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Fozzy – Boombox
Century Media Records


Album Review: FOZZY Boombox

7.5 Reviewer

It has been a few years since the last Fozzy album, which is understandable considering how many other irons frontman Chris Jericho has in the fire. In addition to his status as one of pro wrestling’s biggest names, he’s also an actor and has written several books.

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Boombox is the follow-up to 2017's Judas, and Fozzy's eighth studio album. It features a couple of new band members. P.J. Farley (Trixter) has been playing bass with the band since 2020, with the newest addition being drummer Grant Brooks (Through Fire). He replaces founding member Frank Fontsere. The lineup is rounded out by Jericho and guitarists Rich Ward and Billy Grey.

Their first several albums did not spawn any charting singles. "Lights Go Out" from 2014's Do You Wanna Start A War was their first chart appearance. Since then, however, they have been hit-making machines. Judas had three singles, including "Painless," "Burn Me Out" and the top five title track. Boombox has already matched that number.

Guitarist and songwriter Ward is skilled at balancing radio-friendly hits aimed at the mainstream audience with harder-edge songs that satisfy the band's metal fans. That's certainly the case with this album. Opener "Sane" scratches that metal itch while still being accessible, and there are plenty of heavy but catchy riffs on "Purifier."

Speaking of riffs, Ward and Billy Grey supply a lot of memorable ones on Boombox. You'll hear a few shredding solos along the way as well, such as "The Vulture Club." There are numerous potential singles, such as "Nowhere To Run" and the power ballad "Army Of One."

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The biggest miss on the album is the cover of the Frankie Goes To Hollywood song "Relax." They have covered some unexpected songs in the past, such as ABBA's "SOS" on Do You Want To Start A War.  Covers are much more interesting when a band puts their own spin on it, changing up the arrangement or doing something else creative with it. Fozzy's version of "Relax" is nearly identical to the original, down to the '80s synths.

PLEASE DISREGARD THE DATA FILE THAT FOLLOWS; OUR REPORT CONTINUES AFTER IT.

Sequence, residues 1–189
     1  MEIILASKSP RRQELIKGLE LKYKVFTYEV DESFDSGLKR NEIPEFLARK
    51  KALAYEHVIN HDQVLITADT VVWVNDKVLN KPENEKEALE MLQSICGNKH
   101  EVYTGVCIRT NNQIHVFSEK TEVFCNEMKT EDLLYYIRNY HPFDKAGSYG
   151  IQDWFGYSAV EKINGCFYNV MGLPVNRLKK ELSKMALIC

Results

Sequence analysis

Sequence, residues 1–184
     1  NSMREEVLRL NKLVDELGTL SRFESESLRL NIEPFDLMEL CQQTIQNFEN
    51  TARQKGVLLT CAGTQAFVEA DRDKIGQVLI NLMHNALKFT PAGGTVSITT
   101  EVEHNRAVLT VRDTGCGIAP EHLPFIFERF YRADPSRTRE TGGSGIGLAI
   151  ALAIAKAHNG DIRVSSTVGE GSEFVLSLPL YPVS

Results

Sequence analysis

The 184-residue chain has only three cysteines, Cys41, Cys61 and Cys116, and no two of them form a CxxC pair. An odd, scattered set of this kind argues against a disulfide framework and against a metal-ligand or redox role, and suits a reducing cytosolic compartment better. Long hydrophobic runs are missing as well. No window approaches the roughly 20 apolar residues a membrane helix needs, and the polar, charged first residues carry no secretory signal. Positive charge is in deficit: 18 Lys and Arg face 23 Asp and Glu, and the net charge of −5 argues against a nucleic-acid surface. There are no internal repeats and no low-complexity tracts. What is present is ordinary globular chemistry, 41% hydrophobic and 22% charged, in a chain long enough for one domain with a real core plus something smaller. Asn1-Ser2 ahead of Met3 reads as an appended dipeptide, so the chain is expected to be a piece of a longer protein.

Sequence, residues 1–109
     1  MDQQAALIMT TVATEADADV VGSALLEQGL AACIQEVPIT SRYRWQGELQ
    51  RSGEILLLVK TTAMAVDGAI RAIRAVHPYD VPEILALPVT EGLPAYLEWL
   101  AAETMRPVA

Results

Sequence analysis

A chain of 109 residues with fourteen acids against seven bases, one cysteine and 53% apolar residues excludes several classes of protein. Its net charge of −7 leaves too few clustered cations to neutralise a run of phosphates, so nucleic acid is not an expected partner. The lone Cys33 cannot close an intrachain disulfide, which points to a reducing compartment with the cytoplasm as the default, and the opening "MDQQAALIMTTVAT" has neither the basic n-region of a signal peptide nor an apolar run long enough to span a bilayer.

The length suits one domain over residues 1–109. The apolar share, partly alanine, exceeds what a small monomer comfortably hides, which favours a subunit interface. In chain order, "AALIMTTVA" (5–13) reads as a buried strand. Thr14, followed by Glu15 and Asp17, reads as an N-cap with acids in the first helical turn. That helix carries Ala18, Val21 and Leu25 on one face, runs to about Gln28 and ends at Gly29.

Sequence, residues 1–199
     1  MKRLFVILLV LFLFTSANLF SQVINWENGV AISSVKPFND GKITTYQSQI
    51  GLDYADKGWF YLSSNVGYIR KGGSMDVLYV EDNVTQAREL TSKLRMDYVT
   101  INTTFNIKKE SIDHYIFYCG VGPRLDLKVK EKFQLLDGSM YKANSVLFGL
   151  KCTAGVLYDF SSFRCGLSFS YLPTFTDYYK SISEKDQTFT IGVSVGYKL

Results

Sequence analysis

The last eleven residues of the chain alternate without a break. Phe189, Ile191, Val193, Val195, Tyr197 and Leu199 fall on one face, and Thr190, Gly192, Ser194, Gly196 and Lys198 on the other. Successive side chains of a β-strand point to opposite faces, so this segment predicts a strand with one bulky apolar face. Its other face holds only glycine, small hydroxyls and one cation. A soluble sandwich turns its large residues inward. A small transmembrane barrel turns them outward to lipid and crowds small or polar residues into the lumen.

Those synths are put to better use on "My Great Wall," a track with depth and some of the catchiest moments on the entire record. That's immediately followed by "What Hell Is Like" that provides more potent riffs and some of Jericho's Ozzy-est singing on the album.

The production on Boombox is slick and modern, emphasizing some industrial elements without losing any of the guitar power. Johnny Andrews produced both this one and Judas, and while the production on both is similar, it's definitely not identical.

Fozzy have not necessarily been critical favorites, but over the years their fan base has grown steadily. More than two decades into their career they are appealing to fans of rock, hard rock and metal. That, along with the fact it has a lot of excellent songs, could make Boombox their highest charting album yet.

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